By Anna Power

Based on the novel of the same name by RJ Palacio, Wonder follows the life of August Pullman, affectionately known as Auggie (Jacob Tremblay) as he embarks on his first year of school, having been home schooled due to extensive reconstructive surgery for several years of his infancy. Now a pre-teen and with lifelong facial deformity, August must face his fears and go out into the world.

Like a young Rocky Dennis from Bogdanovich’s Mask, these tentative steps out of his comfort zone are a seismic shift not to be underestimated. Other than in front of his family, Auggie never ventures out without his astronaut helmet on, which provides him with more than just a physical defense against people’s reactions to his deformity. His loving family are also understandably apprehensive, but both his mum (Julia Roberts) and dad (Owen Wilson) are putting on a brave face. The school is also concerned that his transition be as painless as possible, and the kindly Principal Tushman (Mandy Patinkin) sets up a pre-meet with three students in the summer holidays to show him around. Strong in science, a Star Wars aficionado, and able to produce a snappy retort to hold his own when needed, Auggie clicks with fellow student Jack Will (Noah Jupe).

While the heartbreaking trials and tribulations unfold involving bullying, peer pressure and friendships made & broken, life settles somewhat, and the film takes a turn by looking more deeply into the people in Auggie’s life, who all have their own problems to deal with. We see Auggie’s mum (Roberts), who abandoned her academic career to put her son first for all those years of surgeries; Auggie’s sister (Izabela Vidovic), forever playing second fiddle to her brother, resigned to her emotional needs going unmet, is lonely having been abandoned by her childhood friend Miranda and is grieving her beloved grandmother (Sonia Braga). We also get to peer deeper into the life of Auggie’s friend Jack Will (Jupe), and find out that he’s a scholarship kid, used to dealing with prejudice of a different kind at prep school and priming him for friendship with Auggie. Unfortunately, dad (Wilson) seems to have missed out on a backstory, and although his character is loveable, funny and tender, we know very little about him and he is left frustratingly vague by comparison.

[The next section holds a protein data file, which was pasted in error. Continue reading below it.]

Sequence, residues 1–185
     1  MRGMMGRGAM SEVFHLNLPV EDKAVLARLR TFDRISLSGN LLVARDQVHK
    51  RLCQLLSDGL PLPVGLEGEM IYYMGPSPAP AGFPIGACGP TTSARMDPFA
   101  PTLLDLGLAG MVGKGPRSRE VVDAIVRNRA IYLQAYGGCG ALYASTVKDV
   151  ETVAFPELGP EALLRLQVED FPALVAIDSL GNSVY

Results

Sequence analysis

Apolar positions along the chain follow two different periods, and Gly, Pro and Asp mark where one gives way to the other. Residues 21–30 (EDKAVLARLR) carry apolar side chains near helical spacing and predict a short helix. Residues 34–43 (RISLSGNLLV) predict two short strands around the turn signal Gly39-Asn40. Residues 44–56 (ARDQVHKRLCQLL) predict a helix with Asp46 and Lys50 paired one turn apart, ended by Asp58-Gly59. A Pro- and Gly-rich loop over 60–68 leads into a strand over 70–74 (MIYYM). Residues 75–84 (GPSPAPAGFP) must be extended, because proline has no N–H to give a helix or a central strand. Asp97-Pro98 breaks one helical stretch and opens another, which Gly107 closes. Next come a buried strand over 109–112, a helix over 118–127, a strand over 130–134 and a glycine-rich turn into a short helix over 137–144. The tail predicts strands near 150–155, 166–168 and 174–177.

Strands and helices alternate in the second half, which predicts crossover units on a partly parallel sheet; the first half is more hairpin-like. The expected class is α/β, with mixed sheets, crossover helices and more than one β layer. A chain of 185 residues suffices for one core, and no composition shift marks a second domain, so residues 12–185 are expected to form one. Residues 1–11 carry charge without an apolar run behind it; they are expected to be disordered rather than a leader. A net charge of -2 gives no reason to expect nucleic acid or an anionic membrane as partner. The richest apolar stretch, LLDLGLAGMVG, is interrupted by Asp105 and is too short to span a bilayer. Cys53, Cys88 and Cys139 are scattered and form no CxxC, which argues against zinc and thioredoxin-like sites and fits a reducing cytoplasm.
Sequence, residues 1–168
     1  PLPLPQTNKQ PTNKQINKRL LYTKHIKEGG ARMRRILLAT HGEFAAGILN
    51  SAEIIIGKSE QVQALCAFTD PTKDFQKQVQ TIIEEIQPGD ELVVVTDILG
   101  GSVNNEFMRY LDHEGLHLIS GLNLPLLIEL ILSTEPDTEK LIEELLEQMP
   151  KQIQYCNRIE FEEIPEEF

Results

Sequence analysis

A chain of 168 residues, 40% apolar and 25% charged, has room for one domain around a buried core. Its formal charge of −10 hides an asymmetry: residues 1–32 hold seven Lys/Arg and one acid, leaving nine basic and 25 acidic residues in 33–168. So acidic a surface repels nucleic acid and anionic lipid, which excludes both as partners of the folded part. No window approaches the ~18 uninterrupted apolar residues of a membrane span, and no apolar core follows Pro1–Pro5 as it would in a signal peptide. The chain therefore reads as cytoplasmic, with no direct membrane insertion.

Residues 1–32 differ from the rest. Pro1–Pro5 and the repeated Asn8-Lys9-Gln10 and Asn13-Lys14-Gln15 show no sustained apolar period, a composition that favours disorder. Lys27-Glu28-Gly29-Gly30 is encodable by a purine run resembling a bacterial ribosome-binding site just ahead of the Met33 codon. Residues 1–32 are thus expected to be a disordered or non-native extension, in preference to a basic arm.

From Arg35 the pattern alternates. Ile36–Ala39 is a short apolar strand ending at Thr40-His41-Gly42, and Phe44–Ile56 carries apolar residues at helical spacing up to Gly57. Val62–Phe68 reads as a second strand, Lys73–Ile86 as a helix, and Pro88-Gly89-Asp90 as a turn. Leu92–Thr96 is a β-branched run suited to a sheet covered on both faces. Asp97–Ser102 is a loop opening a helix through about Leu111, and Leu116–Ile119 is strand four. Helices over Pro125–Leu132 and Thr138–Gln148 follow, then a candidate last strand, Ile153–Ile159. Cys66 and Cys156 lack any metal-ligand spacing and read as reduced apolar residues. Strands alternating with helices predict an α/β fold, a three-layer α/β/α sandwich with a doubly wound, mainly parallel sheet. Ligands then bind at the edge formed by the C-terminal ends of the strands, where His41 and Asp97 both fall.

Director Stephen Chbosky, who also co-wrote the script, has brought the story to the screen creating moments that are genuinely affecting and unashamedly uplifting. In these difficult times there is room for films to inspire, and its message of triumph in the face of adversity, the power of kindness, and the importance of family and friends has a Capraesque simplicity to it that can be profoundly arresting. Further weight is given by the remarkable on screen depth of Tremblay (Auggie), who follows his highly acclaimed performance in Room, demonstrating ability beyond his years.

It’s a pity that a film that has such an emotional impact, never missing a beat, should in its finale go for over-the-top sentimentality in the form of a school awards ceremony, and a voiceover that is both totally unnecessary and emotionally manipulative. But as this misstep comes right at the end of what is an incredibly beautiful film, with strong performances throughout, it can be overlooked and easily forgotten.

After watching Wonder you are guaranteed to leave the cinema, adults and children alike, feeling truly inspired, with your heart open, a warm glow inside and a sense that whatever life throws at you, things are going to be ok.

Wonder is in cinemas from Friday December 1st.




Review: Room

Leave a Reply